World Toilet Day Resolves To Flush Sanitation Problems by 2030 for 673 Million Open Defecators. Sharon Kleyne Calls Attention to 4.2 Billion People Living without Safe Sanitation Globally.
November 19th is World Toilet Day, an opportunity for anyone who cares about water, sanitation and health to refocus on a commitment to making sure that every living person one earth has access to these necessities.
International new water evaporation technology researcher Sharon Kleyne, who also hosts the talk radio show the Sharon Kleyne Hour, an internationally syndicated weekly radio show produced by Rose Hong, founder/director of Global Dragon TV with a global reach of 3.5 million listeners on VoiceAmerica, is a leading educator about the world’s water crisis and sanitation crisis and a supporter of World Toilet Day.
Here are some facts. According to Kleyne, World Toilet Day is sponsored by the United Nations to inspire the world to take action to solve the global sanitation crisis. Currently, 4.2 billion people live without safe sanitation. Approximately 673 million people practice open defecation. The cost of this crisis is astronomical both in terms of health and finance. World Toilet Day was originally created by the World Toilet Organization in 2001; twelve years later, the United Nations General Assembly declared World Toilet Day an official UN day observed every year in every country on earth.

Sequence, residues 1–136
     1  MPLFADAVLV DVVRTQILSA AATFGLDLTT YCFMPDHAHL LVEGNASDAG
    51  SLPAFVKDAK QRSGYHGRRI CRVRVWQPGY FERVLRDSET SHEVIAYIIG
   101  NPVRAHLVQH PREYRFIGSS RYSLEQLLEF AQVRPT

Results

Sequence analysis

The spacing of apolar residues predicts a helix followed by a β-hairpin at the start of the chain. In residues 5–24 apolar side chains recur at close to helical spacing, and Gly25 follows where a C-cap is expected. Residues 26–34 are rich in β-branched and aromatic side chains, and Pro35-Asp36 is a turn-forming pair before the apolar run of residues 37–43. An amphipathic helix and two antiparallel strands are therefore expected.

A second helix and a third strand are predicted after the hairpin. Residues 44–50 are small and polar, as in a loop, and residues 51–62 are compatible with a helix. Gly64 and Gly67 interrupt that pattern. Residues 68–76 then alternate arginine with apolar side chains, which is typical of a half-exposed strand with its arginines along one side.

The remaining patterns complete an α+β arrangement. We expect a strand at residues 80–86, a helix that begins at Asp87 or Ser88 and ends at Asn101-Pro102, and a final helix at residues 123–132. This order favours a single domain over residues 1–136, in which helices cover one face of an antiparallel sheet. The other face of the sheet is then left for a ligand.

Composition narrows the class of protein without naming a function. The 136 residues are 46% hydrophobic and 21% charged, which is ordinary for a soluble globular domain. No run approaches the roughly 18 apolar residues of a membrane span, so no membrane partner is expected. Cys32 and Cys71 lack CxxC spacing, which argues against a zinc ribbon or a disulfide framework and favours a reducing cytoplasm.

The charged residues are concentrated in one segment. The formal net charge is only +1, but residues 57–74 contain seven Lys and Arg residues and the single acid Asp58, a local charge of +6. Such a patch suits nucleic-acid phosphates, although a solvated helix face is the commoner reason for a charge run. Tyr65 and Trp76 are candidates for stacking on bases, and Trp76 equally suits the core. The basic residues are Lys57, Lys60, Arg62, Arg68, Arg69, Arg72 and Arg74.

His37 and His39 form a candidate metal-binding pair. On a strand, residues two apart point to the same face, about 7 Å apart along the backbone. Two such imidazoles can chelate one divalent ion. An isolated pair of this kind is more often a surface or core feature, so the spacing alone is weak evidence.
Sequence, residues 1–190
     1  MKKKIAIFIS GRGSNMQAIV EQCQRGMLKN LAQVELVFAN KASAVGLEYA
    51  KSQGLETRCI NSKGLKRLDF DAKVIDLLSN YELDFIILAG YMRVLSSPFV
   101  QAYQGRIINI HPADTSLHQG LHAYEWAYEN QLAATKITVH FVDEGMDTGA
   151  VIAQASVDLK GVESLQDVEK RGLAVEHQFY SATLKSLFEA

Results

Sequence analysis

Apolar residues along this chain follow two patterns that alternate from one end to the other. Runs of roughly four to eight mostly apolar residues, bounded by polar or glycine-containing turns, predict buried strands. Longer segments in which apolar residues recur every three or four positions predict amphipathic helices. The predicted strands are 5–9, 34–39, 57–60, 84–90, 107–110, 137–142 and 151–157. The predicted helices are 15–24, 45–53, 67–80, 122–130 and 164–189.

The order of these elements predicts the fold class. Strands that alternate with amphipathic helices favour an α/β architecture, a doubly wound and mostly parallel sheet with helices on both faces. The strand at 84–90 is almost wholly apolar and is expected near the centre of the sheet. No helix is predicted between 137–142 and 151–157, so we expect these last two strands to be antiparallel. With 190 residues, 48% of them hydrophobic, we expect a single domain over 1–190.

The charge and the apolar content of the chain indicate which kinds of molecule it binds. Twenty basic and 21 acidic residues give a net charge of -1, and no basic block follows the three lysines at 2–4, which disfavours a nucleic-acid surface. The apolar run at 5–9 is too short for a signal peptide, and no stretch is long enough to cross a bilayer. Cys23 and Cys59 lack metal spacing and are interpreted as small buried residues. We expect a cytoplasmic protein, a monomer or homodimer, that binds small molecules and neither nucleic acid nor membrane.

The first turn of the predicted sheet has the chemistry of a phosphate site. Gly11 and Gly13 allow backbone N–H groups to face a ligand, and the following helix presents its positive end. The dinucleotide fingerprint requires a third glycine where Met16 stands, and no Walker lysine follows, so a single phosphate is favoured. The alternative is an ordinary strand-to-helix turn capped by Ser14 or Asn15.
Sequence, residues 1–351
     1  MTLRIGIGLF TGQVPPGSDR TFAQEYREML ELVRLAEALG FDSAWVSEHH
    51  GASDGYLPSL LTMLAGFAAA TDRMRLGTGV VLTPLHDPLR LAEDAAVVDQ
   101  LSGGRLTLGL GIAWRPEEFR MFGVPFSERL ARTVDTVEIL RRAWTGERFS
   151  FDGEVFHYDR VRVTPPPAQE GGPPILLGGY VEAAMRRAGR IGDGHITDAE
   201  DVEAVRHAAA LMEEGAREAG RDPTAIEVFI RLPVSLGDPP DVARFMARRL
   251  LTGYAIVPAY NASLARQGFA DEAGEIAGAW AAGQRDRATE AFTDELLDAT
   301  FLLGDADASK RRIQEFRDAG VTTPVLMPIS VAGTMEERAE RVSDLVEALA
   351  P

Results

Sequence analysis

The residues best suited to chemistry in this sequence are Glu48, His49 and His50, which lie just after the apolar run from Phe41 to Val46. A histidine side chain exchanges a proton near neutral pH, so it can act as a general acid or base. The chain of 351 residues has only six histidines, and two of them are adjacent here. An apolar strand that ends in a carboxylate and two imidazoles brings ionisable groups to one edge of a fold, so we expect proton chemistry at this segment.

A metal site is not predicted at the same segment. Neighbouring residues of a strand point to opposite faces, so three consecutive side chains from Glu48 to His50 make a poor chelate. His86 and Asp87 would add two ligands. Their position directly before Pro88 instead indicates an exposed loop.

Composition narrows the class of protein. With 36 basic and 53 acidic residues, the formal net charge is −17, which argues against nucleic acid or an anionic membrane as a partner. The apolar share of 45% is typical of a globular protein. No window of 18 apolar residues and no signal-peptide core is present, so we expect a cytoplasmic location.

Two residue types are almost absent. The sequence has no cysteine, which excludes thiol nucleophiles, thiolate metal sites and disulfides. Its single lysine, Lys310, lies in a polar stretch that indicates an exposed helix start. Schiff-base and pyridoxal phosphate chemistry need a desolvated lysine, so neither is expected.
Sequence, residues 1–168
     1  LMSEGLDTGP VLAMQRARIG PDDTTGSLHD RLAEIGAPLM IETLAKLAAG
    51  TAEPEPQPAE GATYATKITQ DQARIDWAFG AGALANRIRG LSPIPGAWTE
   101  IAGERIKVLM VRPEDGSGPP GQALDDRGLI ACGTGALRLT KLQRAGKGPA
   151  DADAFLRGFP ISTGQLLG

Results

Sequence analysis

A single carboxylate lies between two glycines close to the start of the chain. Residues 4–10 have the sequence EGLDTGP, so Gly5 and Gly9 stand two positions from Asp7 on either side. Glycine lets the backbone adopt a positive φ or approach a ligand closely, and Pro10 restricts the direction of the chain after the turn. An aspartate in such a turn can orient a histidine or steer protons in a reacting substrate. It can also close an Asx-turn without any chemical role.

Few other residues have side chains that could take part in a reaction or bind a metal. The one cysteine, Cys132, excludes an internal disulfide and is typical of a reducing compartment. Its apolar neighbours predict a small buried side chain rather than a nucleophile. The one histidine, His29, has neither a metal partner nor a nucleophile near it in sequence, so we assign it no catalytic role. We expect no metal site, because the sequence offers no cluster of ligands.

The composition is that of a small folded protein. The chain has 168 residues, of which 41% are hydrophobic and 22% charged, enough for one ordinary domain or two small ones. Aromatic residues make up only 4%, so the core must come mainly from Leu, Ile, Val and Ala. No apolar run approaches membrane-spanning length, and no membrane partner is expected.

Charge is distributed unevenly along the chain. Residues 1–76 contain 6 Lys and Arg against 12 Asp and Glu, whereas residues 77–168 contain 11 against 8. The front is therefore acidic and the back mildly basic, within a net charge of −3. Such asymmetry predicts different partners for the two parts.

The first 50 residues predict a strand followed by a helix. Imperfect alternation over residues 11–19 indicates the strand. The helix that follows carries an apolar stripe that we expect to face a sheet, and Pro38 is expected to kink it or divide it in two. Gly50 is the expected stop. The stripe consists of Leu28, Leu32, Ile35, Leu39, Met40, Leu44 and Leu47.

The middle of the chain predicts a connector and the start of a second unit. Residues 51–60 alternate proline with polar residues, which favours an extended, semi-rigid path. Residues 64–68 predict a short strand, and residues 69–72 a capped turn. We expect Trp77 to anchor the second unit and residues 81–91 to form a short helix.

Every year, World Toilet Day has a special slogan. In 2015 it was Toilets and Nutrition. In 2016 it was Toilets and Jobs. Last year it was Nature-based Solutions (When Nature Calls). This year, the slogan is Leaving No One Behind. Kleyne notes that this current slogan relates to Sustainable Goal #6, which aims to eliminate open defecation and ensure “everyone has access to sustainable sanitation services by 2030, paying special attention to the needs of women and girls and those in vulnerable situations”.
Kleyne teaches that the world’s water crisis cannot be solved until every human being has access to a clean toilet. “Too many people and world leaders dump water and sanitation issues, which should be the top priority of every living person,” says Kleyne.
Countries all over the world will stage World Toilet Day celebrations in November 19th to call attention to the sanitation and fresh water crisis. In Portland, Oregon, a 30-foot poo emoji will tower above the Pioneer Courthouse Square. In India, countrywide demonstrations will highlight the issue of open defecation. The Su-poo-hero of global sanitation, Toilet Man (from Singapore), will also make appearances at several venues in multiple countries.
If you would like to read an article about the efforts of the Su-poo-hero of global sanitation, here is a link: https://www.aljazeera.com/programmes/witness/2019/11/toilet-su-poo-hero-global-sanitation-191110104643485.html
Kleyne believes that education is the key to solving the world’s water and sanitation crises. “The United Nations World Toilet Day is a perfect occasion to pause in our daily lives,” says Kleyne, “and think of the children and mothers who do not have access to toilets and clean water. We must wipe this crisis from the planet!”